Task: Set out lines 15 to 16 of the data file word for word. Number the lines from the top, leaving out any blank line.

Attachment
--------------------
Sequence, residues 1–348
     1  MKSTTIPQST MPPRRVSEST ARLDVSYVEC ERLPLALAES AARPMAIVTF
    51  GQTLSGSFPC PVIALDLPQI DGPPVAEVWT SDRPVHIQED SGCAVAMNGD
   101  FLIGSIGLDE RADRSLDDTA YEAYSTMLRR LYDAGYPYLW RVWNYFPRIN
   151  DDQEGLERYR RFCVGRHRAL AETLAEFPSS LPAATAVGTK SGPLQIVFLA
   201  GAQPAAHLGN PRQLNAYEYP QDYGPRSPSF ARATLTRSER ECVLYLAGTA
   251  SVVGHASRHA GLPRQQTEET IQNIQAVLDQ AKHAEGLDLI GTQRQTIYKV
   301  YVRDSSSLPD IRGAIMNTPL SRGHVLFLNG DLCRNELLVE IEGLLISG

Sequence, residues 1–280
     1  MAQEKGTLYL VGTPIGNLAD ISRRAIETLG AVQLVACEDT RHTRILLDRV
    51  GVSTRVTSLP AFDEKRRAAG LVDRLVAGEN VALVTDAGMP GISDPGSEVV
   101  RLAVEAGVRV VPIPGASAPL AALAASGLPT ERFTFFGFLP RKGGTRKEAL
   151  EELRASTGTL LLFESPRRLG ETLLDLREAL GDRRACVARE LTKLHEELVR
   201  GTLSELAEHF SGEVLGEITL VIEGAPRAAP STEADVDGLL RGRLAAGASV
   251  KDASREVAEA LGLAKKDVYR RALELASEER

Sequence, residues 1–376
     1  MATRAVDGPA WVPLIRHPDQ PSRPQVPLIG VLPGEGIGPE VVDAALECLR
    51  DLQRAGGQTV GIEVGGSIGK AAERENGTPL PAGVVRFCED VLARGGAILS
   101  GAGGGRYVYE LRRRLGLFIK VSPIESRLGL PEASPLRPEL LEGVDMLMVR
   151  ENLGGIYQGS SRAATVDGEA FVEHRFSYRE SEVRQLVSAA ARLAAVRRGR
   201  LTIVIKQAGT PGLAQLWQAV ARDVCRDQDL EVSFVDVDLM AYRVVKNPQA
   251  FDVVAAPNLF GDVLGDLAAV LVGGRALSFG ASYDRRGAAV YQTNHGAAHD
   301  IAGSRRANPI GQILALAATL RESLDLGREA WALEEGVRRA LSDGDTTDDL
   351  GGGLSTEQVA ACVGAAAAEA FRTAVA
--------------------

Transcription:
   251  KDASREVAEA LGLAKKDVYR RALELASEER

Sequence, residues 1–376